Although it’s a problem many years in the making, and despite almost daily media coverage of physician shortages, progress in recruiting physicians to the province remains slow.
While there’s some promise of long-term improvement, there’s little movement in the short term, and clearly no easy way to address this complex issue. One or two simple solutions won’t work; only a multi-pronged approach is likely to see results. In addition to selling an attractive lifestyle, partnering with communities, increasing choice of location and practice, attracting new residency graduates, and solving spousal employment challenges, part of the solution is making better and more efficient use of immigrant physicians who are already resident here.
According to the Nova Scotia Office of Immigration, over the past decade, some 296 physicians have landed in the province. The Immigrant Services Association of Nova Scotia (ISANS) recently reported working with 85 physician clients who are preparing for, or have completed, Medical Council qualifying exams or who are working in alternative health-care fields. How can we make better use of these physicians who are experienced clinicians and who don’t even need to be recruited? Here are three suggestions:
First, the minister of Health & Wellness has signed off on a new Practice-Ready Assessment program for family physicians, and it should be implemented as soon as possible. The province has experience doing this with a previous program that closed in 2015. Practice Ready Assessment involves a practical, hospital/clinic-based evaluation of an immigrant physician’s medical knowledge, skills and competencies following successful completion of qualification exams. It’s a rigorous process that protects Canadian standards, but in three months an experienced family physician can be ready to begin practice.
Second, immigrant physicians can be hired into the health-care system as clinical assistants. In this role, they work as doctors but report to an attending physician. It’s a physician extender role ripe for expansion, and it would make health care more available for Nova Scotians, be an attractive feature of practice to help with recruitment, and provide meaningful work for immigrant physicians. The recent withdrawal of the Saudi residents pointed to the precariousness of clinical care in hospitals being overly reliant on funds from a foreign government. A more robust clinical assistant program has potential to fill some major gaps.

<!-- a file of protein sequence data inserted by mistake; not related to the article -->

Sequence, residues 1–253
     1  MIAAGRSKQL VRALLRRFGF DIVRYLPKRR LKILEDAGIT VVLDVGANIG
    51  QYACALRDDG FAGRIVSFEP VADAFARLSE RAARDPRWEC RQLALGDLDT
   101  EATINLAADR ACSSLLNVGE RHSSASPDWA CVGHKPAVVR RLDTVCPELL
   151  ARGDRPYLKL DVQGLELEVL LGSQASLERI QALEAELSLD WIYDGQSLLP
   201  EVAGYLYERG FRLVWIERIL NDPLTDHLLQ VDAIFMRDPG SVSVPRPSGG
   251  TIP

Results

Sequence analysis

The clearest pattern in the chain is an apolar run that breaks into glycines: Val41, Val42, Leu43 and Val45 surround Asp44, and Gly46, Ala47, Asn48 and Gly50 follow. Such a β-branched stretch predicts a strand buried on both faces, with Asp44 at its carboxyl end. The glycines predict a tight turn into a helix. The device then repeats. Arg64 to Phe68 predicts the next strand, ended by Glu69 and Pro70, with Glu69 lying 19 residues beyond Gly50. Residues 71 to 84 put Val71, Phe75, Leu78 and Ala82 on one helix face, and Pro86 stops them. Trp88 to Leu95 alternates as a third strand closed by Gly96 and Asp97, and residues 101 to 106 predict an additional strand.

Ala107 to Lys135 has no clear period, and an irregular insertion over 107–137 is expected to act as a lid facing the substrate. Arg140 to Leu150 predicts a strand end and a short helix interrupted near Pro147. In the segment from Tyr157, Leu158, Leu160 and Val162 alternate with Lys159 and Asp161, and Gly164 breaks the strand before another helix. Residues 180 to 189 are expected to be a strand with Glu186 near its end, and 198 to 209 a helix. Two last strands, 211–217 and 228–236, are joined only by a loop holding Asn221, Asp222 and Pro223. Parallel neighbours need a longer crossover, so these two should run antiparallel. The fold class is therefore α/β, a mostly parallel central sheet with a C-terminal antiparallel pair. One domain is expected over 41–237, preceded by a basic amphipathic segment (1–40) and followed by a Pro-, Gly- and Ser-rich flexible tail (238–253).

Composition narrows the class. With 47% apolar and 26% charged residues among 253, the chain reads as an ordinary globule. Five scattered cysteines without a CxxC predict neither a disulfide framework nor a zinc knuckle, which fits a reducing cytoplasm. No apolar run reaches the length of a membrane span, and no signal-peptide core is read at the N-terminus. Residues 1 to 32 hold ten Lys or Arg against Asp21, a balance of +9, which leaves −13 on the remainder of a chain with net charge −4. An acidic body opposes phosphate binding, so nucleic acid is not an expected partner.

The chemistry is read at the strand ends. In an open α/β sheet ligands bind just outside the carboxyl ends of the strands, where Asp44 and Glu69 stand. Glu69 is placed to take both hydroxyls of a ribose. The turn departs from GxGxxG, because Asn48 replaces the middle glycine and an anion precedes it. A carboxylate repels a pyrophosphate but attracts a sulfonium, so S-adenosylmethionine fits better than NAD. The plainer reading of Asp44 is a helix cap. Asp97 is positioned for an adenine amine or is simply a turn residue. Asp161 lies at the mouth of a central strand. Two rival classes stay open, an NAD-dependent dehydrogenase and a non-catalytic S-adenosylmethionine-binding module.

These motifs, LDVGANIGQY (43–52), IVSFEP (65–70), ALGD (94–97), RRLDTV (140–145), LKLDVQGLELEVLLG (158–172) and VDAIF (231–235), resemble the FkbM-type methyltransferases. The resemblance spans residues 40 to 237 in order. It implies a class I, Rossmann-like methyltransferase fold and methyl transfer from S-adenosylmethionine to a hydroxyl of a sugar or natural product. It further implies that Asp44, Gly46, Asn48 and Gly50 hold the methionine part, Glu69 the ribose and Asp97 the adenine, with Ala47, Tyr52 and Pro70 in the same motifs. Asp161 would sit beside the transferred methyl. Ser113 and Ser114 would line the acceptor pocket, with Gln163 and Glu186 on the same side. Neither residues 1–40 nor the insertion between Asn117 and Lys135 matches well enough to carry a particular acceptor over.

Third, fund more residency positions designated for this group so they have more than just a “faint hope” of securing a training position. Include “return of service” agreements, but engage in reasonable discussions about where these will be in the province, taking into account family needs and professional preferences so physicians and their families will settle more easily into their new community.
Set all of this up for success by following up regularly with new physicians, organizing professional mentorships or other supports where feasible, and encouraging communities to welcome these new Nova Scotians, whether moving from abroad or simply from another province.
Strategies to include immigrant physicians as part of the solution is a fair thing to do, but it also makes sense: dollars and cents. Consider that their education has been sponsored by other countries and Nova Scotia is the beneficiary. Consider that they’ve already put down roots here, are Nova Scotians by choice with kids in school and houses purchased. Consider that from the minute they step off the plane, immigrant physicians begin to study and participate eagerly in the excellent orientation programs offered by ISANS in company with volunteer physician facilitators. Consider that while they are experienced clinicians, they accept the requirement to meet Canadian standards by demonstrating medical knowledge and skills on expensive national written and practical examinations. Finally, consider that after all this, they’re in limbo because their post–graduate residency training is not accepted here and they’re left on the health-care sidelines, despite the huge need for their expertise and their capacity to contribute.
Immigrant physicians are already here, and with a few relatively inexpensive and timely interventions, they can be brought into the health-care system and begin to alleviate some of the pressure on medical care in this province. As we continue to work on the myriad components and complex changes needed to solve the current situation, here are pieces of the puzzle already in our hands.
We can do this now. And we would all benefit.
Jan Sheppard Kutcher and Dr. Geoff Williams are co-chairs, International Medical Graduates Multi-stakeholder Work Group